Feel the fear and do it anyway

In the past couple weeks, I’ve had two big experiences that had me WAY outside my comfort zone.

The first came as a request from my engineering client McKim & Creed. Their marketing director Kristin asked if I would consider leading a half-day InDesign training for their marketing team ­— to show them how to get the most out of the new proposal templates I’d created. My initial reaction was an enthusiastic, “YES!” Although I’d never led any kind of formal training before, I was excited about the opportunity to stretch myself in this new direction. The date was set for March 23, and I began organizing content. But as the big day drew closer, the idea of presenting four hours of content grew more daunting.

Despite my fears, I persevered, motivated by two guiding principles:

  1. Being the best partner I can be – I knew this training would really benefit McKim & Creed’s marketing team. If they each picked up a couple time-saving tricks and gained new understanding of InDesign that enabled them to do their job better, this training would have a HUGE impact. Did I really want to miss this unique opportunity to empower Kristin and her team to greater productivity and success because of a bad case of nerves?
  2. Nothing ventured, nothing gained – I’ve learned a lot, both professionally and personally, by challenging myself to do things I’ve never done before. More often than not, I surprise myself in what I’m capable of doing. Who knew…maybe I would really enjoy the training and want to do more. As the communicative designer, training could be another communication-driven service I offer my clients. And from an even broader perspective, the more experiences I have as a designer, the more those experiences fuel and direct my creativity.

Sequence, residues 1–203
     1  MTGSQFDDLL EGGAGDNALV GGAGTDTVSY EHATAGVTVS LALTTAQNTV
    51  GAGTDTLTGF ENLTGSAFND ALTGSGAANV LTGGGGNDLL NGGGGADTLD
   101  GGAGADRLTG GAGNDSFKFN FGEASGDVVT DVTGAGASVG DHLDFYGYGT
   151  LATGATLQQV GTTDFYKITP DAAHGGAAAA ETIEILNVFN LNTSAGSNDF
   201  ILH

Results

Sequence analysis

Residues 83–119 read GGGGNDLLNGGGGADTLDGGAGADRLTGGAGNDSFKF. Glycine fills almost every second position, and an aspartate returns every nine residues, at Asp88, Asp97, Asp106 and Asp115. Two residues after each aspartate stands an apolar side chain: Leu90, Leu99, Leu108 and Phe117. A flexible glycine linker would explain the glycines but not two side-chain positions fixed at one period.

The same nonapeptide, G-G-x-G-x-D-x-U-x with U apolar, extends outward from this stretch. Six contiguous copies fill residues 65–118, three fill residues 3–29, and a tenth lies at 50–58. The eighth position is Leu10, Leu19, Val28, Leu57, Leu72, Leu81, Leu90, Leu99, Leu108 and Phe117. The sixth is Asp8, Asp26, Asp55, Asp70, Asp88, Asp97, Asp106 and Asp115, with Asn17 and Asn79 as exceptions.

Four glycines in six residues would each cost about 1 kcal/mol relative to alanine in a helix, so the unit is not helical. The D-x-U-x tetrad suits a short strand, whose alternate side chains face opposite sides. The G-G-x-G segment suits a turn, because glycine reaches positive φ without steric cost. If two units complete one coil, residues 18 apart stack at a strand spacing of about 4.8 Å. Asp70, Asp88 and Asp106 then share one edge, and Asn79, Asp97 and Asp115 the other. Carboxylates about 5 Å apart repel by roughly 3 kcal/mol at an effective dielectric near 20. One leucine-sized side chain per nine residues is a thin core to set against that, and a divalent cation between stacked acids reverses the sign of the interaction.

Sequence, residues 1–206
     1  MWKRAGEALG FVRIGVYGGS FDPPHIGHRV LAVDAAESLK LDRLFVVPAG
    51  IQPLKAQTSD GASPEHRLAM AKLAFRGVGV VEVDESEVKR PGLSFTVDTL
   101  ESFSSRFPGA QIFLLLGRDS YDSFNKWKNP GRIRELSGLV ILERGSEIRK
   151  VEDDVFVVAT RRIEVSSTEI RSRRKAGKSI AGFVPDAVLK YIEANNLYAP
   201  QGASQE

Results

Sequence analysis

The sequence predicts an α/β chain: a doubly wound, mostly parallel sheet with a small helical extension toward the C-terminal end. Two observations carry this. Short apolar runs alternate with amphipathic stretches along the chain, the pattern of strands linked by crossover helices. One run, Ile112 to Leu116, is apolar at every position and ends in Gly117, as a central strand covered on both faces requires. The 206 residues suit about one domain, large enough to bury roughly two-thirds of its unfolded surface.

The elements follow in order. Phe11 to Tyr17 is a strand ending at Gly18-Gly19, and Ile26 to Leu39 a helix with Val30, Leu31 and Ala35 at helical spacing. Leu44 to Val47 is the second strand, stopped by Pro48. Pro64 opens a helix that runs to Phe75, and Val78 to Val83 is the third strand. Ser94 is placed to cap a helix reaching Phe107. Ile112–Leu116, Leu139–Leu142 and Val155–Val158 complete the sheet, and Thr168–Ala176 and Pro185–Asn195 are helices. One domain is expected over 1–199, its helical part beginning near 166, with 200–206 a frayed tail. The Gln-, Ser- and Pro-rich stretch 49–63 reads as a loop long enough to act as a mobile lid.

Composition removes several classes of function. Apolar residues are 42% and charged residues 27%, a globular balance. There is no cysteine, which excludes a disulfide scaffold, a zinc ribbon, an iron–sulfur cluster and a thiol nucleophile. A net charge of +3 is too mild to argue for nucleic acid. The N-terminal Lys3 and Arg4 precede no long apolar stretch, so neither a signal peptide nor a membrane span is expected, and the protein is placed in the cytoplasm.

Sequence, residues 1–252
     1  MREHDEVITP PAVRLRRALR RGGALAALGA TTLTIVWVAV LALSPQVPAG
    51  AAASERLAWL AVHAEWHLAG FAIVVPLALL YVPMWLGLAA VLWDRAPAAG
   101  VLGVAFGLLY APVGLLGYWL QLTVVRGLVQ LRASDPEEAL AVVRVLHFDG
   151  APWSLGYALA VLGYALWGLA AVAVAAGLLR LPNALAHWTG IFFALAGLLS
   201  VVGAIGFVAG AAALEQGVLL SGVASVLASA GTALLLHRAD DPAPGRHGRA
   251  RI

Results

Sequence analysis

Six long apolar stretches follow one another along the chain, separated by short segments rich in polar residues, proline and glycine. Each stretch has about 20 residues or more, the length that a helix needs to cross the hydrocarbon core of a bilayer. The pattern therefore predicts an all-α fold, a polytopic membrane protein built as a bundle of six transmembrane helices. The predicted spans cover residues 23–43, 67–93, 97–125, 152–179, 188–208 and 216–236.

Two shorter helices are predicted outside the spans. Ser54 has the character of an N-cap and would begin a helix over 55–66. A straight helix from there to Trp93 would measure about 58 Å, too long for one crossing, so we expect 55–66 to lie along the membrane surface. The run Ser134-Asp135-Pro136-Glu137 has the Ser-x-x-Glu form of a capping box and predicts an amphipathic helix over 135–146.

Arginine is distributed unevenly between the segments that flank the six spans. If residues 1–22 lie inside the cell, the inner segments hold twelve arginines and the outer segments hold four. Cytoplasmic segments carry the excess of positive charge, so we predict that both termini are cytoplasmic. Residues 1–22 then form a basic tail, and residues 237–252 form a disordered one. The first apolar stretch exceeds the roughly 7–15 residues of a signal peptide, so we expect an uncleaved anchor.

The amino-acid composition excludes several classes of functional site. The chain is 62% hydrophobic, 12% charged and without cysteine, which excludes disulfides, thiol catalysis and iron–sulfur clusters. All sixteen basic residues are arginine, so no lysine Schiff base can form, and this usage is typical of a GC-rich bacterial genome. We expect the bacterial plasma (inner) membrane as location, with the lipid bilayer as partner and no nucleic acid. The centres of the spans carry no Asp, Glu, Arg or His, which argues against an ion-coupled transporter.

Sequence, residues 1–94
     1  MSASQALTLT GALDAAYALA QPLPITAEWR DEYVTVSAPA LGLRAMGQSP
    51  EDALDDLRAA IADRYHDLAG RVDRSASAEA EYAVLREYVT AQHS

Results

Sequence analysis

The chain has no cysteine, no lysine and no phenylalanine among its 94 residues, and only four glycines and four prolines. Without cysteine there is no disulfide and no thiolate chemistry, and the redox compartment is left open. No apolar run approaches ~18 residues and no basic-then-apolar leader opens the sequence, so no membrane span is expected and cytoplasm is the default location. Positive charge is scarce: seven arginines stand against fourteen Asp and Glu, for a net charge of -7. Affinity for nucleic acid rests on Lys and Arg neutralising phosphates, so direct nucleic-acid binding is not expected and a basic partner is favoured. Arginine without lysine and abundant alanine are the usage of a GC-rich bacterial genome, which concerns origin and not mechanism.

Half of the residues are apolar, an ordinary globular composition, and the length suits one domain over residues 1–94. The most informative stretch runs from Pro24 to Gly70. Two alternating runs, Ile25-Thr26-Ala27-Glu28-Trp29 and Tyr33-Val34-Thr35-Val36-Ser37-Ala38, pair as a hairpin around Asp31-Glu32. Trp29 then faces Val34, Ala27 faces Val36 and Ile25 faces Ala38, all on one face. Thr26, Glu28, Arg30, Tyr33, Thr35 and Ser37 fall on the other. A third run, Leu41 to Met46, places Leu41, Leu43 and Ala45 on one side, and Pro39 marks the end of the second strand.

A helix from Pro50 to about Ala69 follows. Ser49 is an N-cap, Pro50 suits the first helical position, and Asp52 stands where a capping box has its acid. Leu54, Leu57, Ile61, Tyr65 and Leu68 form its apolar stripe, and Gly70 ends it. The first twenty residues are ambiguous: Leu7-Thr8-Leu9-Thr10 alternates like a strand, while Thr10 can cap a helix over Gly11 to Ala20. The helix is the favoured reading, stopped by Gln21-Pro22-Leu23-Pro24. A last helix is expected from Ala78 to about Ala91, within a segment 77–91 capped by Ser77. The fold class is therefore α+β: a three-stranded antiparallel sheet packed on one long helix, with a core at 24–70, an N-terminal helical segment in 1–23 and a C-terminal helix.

The day finally came, and the training went well. The marketing team members were engaged and asked lots of questions that helped take some of the pressure off in filling the full four hours. While I don’t think I’ll be adding training to my list of services, I’m glad I did it. I left with a sense of accomplishment, knowing I had risen above my fears and led an informative training session.

My second experience stepping outside my comfort (and time) zone was attending the UCDA Design Summit in Santa Fe last week to learn even more about my higher education clients and their needs. I’ll be sharing some insights from my New Mexico adventure in my next newsletter.

Until then…I’ll be getting out there, pushing past my comfort zone and working on being the best creative partner I can be.

If you’d like a communicative designer who values partnership—let’s talk.

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